In February of 1982, while working on temporary detail in Cartegena, Colombia, Special Agents Kelley McCullough and Charles Martinez were kidnapped from their hotel rooms by drug traffickers and a rogue Colombian National Policeman. Although the two Special Agents were told they were being taken to a police station, they were, in fact, driven to a remote location where Special Agent Martinez was shot in the leg. As both Agents attempted to wrestle weapons away from their abductors, Martinez was shot again and McCullough was shot twice. During this encounter, McCullough was able to escape.

Although he had been shot in the hip and knee, Special Agent McCullough ran through the countryside seeking help at several houses while his abductors searched for him. He eventually saw a church steeple and found an English-speaking priest. Disregarding his own wounds, Special Agent McCullough enlisted the help of the priest in finding a law-abiding policeman and returning to rescue Special Agent Martinez. As the three individuals searched on foot for Martinez, they met up with two of the traffickers, including the one who had wounded Special Agent Martinez. When one trafficker drew his pistol and aimed it at Special Agent McCullough, the "real" policeman grabbed the drug trafficker and told McCullough to leave immediately for a town about thirty kilometers away.

Both Special Agents eventually escaped this harrowing experience and recovered from their wounds. Special Agent Martinez is still on active duty at the Aviation Operations Center while Special Agent McCullough retired eighteen months ago.


In a June 1989 investigation into a major Miami cocaine trafficker, an undercover agent from Special Agent Stephens’ group arranged to meet with the targeted violator to purchase twenty kilograms of cocaine. Special Agent Stephens was assigned to conduct surveillance of the meeting and he took a position in a rear bedroom to monitor the activities from a close vantage point. When the transaction turned into an armed robbery, Special Agent Stephens attempted to rescue the undercover agent and the cooperating individual. In doing so, he was shot several times, including a severe wound in his right arm. As the drug dealer fled through the front entrance, he turned and fired several shots back into the house, striking the cooperating individual in the throat and causing what would ultimately be a fatal wound.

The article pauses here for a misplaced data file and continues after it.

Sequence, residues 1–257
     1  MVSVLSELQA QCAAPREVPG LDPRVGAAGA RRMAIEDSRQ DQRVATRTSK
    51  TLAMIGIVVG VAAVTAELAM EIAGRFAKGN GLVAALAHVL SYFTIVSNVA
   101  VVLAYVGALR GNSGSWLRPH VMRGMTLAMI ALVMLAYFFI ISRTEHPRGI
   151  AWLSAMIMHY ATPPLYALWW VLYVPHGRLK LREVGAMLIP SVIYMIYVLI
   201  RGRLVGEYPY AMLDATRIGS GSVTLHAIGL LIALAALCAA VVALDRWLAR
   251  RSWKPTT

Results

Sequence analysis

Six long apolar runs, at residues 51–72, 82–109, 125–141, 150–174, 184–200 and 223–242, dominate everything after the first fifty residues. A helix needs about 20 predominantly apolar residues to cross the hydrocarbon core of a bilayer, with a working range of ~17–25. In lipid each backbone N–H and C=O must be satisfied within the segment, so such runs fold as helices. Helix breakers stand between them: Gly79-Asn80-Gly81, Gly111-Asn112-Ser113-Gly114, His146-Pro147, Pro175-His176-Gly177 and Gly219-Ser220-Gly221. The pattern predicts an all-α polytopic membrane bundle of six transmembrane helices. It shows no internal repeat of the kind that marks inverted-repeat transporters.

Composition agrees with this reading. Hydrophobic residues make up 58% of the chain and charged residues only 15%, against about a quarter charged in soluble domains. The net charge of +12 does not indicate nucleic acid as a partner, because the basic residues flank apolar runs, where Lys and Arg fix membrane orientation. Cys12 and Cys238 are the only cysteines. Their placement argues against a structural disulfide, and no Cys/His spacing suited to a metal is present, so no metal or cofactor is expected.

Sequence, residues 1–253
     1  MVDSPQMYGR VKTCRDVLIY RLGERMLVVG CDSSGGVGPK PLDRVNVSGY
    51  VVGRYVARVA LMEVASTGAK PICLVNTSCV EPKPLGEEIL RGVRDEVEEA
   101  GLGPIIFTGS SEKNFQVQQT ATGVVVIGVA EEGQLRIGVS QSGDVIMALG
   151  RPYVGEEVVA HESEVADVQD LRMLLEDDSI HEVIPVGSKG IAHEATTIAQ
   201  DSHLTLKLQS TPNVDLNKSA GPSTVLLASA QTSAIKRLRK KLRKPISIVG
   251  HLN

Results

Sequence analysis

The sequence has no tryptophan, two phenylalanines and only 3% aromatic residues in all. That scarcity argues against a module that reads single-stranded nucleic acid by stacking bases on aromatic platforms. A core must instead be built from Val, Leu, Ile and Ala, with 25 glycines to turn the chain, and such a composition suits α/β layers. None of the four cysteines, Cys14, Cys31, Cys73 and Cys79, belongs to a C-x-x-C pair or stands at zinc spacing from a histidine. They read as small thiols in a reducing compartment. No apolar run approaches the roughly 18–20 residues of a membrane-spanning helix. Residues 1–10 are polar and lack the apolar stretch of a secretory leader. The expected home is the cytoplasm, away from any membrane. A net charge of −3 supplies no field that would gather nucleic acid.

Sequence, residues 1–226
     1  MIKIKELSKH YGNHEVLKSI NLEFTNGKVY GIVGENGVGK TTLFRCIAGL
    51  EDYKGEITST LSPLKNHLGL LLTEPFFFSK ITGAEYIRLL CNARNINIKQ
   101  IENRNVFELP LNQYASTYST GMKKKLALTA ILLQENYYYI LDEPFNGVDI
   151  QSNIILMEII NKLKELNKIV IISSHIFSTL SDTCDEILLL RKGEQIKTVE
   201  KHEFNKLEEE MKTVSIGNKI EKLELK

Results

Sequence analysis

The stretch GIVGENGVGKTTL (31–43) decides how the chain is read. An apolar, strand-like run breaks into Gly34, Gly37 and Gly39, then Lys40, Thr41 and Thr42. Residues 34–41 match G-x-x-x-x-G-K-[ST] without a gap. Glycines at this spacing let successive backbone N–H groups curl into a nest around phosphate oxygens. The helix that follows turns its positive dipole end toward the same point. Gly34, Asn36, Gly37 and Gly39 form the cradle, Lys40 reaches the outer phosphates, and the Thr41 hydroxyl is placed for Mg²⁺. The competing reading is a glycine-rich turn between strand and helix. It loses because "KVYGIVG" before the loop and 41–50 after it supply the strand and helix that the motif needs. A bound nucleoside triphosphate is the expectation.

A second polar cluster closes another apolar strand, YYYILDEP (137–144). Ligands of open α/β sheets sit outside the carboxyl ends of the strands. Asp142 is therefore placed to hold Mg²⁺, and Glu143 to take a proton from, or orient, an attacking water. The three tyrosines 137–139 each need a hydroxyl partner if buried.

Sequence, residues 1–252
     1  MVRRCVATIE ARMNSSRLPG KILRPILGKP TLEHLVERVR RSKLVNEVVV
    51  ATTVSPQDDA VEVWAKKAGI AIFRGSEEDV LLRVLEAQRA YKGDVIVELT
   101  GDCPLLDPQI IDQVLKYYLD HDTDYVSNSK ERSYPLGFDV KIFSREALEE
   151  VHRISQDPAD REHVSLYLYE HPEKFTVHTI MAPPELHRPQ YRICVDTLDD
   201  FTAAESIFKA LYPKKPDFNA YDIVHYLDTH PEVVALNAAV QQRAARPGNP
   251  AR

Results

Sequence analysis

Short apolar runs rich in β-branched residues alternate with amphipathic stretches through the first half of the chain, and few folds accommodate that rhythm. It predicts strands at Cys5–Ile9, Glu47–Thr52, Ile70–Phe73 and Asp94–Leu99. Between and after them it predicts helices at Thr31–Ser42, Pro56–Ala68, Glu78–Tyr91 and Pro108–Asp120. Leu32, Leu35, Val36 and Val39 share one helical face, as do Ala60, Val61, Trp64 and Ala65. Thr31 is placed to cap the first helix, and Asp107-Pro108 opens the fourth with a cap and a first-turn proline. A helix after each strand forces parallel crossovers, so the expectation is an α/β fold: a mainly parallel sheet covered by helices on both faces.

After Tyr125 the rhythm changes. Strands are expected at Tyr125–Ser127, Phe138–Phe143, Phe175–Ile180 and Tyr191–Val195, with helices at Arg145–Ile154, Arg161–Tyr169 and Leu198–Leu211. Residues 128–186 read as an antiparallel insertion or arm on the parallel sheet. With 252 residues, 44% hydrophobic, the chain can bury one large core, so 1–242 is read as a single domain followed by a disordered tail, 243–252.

Special Agent Stephens, in spite of multiple gunshot wounds and blood loss, attempted to pursue the trafficker. Realizing the futility of his efforts, Special Agent Stephens returned to the side of the mortally wounded cooperating individual and administered first aid until medical help arrived.

After initial emergency surgery to stop massive hemorrhaging, Special Agent Stephens underwent major surgery to repair nerve damage. After several weeks of recovery in the hospital, Special Agent Stephens began weeks of exhaustive rehabilitative therapy. In October of 1989, he had yet another major operation which enabled him to slowly regain limited use of his wrist.

While striving to resume his career as a Special Agent, Stephens taught himself to write with his left hand and, even more remarkably, he taught himself to shoot (and qualify) left-handed. On February 20, 1990, Special Agent Stephens returned to work under medical restriction.

The individuals responsible for wounding Special Agent Stephens were found guilty of an assault on a federal officer with a deadly weapon and attempted murder of a federal officer. Special Agent Stephens gave lengthy testimony at the trial and he was commended by the presiding judge for his integrity, compassion, and bravery.

The men and women who have died while striving to serve and protect have set a high standard for their successors. Their examples serve as beacons, guiding and inspiring us to reach even greater heights. From these tragedies comes renewal for the men and women who carry on the traditions of the Drug Enforcement Administration. The honor that Congress proposes to accord fallen Agents demonstrates that the law enforcement community has earned our nation’s continued respect and support. It shows that their sacrifice has not been in vain, for we, both as an agency and as a nation, shall honor their memory by continuing the battles they fought in their lifetime.

Thank you for providing me with the opportunity to express my support for the creation of the Congressional Medal of Valor for members of the law enforcement community. A number of nations, including Canada, Colombia, and India offer distinguished law enforcement officials national recognition for their service to their country. As I expressed earlier in my testimony, I believe that the United States has been blessed with a cadre of brave men and women whose dedication to enforcing our nation’s drug laws has cost them their health, and in some cases, their lives. These men and women truly deserve national acknowledgment of their service and their sacrifice. They deserve the Congressional Medal of Valor.

Again, thank you for holding this hearing. I would be willing to take any questions you may have at this time.